Renting to Roommates… A Recipe for Disaster?
As an established property management company, we often get questions from homeowners about assisting them in managing a room for rent within the existing owner’s house. While renting out rooms in one’s own home has been a common practice for ages, it’s not something that many property management companies will assist with. In this article, I’ll discuss some pros and cons of renting to roommates.
Who’s in Control?
When a homeowner hires a property manager, they are usually looking for someone to maintain complete control of the home on their behalf. The property manager handles everything from collecting rents, dealing with tenants (good and bad), enforcing lease terms – including chasing late rent payments, and handling most or all repairs to the home. Even without consideration of the roommate, when the owner lives in the home, more times than not, the owner somehow seems to get stuck handling these issues himself or herself. While having the landlord deal with issues eases the amount of work for the property management firm, it doesn’t make sense to hire someone for a duty that you end up (intentionally or unintentionally) handling for yourself. It seems impractical to pay a property manager for a service that they aren’t being required to do.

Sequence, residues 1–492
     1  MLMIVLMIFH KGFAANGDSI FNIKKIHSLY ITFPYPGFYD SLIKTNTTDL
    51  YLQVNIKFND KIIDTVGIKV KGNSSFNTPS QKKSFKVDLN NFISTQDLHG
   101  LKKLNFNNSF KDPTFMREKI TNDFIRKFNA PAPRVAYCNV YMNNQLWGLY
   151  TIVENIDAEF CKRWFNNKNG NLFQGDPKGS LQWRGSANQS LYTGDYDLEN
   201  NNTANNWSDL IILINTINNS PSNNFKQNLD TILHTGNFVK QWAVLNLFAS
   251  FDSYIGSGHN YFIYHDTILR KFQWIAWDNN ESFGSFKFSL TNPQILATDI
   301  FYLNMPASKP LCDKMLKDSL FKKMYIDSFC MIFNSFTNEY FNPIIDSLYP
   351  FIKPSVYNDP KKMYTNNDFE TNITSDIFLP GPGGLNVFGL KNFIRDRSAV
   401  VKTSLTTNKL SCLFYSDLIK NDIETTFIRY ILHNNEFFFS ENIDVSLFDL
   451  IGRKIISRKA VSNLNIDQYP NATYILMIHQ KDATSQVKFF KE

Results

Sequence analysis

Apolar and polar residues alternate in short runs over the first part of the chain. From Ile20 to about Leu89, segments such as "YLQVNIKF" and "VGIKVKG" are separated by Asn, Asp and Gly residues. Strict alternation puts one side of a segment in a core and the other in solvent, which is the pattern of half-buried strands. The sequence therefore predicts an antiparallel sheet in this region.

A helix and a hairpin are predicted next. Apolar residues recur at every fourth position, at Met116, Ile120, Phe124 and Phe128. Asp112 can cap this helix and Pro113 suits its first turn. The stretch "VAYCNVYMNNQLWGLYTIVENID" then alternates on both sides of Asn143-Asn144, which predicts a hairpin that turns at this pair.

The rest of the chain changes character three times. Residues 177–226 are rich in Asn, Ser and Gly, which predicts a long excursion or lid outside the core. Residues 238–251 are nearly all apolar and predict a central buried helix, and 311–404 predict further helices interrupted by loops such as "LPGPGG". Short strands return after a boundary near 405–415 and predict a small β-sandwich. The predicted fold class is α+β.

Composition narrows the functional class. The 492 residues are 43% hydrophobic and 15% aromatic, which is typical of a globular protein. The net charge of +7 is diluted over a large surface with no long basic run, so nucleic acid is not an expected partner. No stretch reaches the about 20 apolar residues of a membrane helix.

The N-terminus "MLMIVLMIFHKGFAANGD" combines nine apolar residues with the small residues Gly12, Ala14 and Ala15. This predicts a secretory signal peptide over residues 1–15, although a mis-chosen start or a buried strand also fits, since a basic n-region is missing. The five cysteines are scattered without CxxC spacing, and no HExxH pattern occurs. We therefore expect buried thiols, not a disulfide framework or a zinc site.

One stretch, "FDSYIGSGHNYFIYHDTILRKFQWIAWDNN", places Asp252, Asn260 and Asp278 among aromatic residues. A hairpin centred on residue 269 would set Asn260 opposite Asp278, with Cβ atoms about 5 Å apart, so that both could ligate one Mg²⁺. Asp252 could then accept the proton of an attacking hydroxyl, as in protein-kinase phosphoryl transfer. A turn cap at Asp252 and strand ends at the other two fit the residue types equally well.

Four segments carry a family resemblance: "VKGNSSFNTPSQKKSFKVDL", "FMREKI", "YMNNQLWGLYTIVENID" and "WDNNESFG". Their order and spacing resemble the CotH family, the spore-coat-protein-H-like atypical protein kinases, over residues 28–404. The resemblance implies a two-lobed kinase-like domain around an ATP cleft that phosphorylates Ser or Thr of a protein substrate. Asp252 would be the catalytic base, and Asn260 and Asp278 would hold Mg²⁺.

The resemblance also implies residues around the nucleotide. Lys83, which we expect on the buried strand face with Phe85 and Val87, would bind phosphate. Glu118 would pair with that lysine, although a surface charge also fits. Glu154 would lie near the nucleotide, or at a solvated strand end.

With a tenant in a rental home under professional management, everything goes through the property manager. The tenant pays rent to the property manager, they submit maintenance or repair requests to the property manager, and if they have any special needs or requests, they make them directly to the property manager. It is a common duty of a property manager to be the intermediary between the tenant and the owner. When the owner also lives in the home, more times than not, the tenant will go directly to the owner with any questions or problems. Again, this scenario makes managing roommates impractical for the property manager.